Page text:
Tips for replacing a car trip with a bike

Congratulations! I’m thrilled that you’ve decided to try riding a bicycle once a week. It might be because it’s a new year and you’ve resolved to get a little fitter. Or you’re in a new stage in your life and you want to try something different. Whatever your motivation, choosing a bike rather than a car for that commute to work, the shops, child care or whatever you need to do, it will make a difference. It will make a difference to your mood and wellbeing, and it will make a difference to how your see your neighbourhood. Because you will be moving outside at around 20 km/h, you’re going to hear, see, smell, and feel more things than when you’re moving at 60, or 80, or whatever speed you normally drive. 

If you make it a habit, it will also make a difference to your purse/wallet. You will be saving money by paying less for dinosaur juice that your car will burn, and by paying less for a spot to store said car while it recovers from burning that dinosaur juice. Ssssh, sleepy car.

Bicycle route signage in Canberra, Jan 2022

Preparation matters

This section is for anyone who has not already ridden to their workplace/shops/child care centre etc. I recommend you scope the route via online maps – but expect Google Maps will suggest you ride in traffic. Please don’t. Can you ride the route on a weekend? That way, you’ll be less stressed on the day you ride because you’ll be slightly more familiar with the route. Understand there will be more traffic on a weekday.
If your city/town has bike paths, use those as much as possible, or footpaths, rather than the laughable sparkly painted lines on roads. Yes, drivers may still hit you on a footpath as they’re leaving/entering a property, but they will be moving slower than when they’re beside you on a road. Your chances of survival are far higher if that driver’s doing 30km/h than if they’re doing 60 km/h.

The C1 bicycle route through Lyneham, ACT.

Where will you secure your bike once you reach the destination? If you don’t have a cage or store room, try to lock it as close to the entrance of your destination as possible. Take two locks. Lock both to your frame and wheels, and something fixed, like this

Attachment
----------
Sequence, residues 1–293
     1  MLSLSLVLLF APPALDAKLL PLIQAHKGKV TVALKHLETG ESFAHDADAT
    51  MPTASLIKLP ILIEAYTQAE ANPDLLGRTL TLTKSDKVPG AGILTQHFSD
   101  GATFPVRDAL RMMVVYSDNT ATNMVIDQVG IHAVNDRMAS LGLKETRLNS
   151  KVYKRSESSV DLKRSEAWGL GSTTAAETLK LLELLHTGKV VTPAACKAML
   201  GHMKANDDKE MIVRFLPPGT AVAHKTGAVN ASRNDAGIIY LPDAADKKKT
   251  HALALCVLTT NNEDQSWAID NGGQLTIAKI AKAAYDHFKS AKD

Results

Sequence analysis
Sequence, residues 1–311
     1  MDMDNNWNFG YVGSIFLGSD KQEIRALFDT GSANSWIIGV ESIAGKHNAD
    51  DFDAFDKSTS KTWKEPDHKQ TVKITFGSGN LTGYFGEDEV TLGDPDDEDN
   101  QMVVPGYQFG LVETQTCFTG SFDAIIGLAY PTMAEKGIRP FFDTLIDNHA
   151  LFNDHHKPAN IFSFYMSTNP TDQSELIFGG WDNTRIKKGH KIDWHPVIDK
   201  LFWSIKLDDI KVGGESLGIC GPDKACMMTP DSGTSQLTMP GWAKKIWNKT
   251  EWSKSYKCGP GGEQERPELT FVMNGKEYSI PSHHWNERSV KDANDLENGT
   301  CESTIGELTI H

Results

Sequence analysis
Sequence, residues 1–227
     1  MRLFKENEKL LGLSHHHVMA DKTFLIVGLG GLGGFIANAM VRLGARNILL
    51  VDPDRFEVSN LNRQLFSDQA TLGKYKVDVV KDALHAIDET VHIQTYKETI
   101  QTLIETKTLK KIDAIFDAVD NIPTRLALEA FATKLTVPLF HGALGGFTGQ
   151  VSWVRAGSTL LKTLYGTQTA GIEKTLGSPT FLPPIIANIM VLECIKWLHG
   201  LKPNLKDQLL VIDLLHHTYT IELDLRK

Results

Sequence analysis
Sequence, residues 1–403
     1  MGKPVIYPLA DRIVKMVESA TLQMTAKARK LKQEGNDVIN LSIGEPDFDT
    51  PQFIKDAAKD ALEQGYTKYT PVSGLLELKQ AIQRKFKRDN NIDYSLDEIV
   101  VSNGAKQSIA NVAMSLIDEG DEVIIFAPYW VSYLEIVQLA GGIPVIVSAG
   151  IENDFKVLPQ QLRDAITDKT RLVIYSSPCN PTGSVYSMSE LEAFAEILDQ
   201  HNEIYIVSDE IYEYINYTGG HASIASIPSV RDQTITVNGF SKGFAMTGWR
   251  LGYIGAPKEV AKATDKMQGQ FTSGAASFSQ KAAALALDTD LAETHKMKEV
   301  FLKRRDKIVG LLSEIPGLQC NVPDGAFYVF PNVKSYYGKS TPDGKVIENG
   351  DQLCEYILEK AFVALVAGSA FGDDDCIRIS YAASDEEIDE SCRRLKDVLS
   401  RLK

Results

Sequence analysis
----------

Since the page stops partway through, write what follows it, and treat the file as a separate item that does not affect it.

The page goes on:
Bike repair station at Kambri, Australian National University, Canberra.

If you’re riding to work, can you shower there, or nearby? How will you get your clothes to work? If you drive on a Monday, for example, take Tuesday’s clothes along so they aren’t creased in your bag. Take a towel, toiletries, and a pair of old rubber thongs if you have them – some showers may not have been used or cleaned in a while. You may need to clean it yourself. It will be worth it, because you’ll feel refreshed before you start work.

Carrying stuff

If your bicycle has a rear rack for panniers, or a basket, use it. It’s far more pleasant to have wind circulating freely around your back than if you’re wearing a backpack. Of course, if you’re shopping and have neither panniers nor basket, you’ll need your backpack. (Maybe you’ll like riding so much that you’ll get a cargo bike if you can afford it).

My Christiania Model 2 cargo bike, a long john type, after shopping at the Belconnen Fresh Markets.

My Rover cape by Cleverhood, and unisex over pants from Decathlon. The overpants also cover my shoes.

Wear comfortable clothes and shoes. Wear gloves in the colder months.

But what if rain is forecast? Prepare for it, and embrace it. I ride in the rain with this Cleverhood rover cape, introduced to it thanks to the excellent War on Cars podcast, and these unisex overpants from Decathlon. In warmer months, I’ll use the Cleverhood and wear polyester boardshorts and sandals.
If you don’t want a cape, try a rain jacket that has plenty of side openings or vents under the arms. Like this

I’ve also learned the hard way that you should take a spare change of underwear and socks, and leave them at work.

Take a drink bottle, sunglasses, and sunscreen. If it’s the northern hemisphere as you read this in January, you’ll need lights, too. A small pump and patch repair kit is a bonus, especially if your route lacks a bicycle repair station or bike shop.

Bicycle repair sign in Lyneham, ACT, Jan 2022.

To recap: Take small steps. This is not a race. This is a chance to better understand your neighbourhood, to use all your senses during a trip, and to get exercise without noticing you’re getting exercise.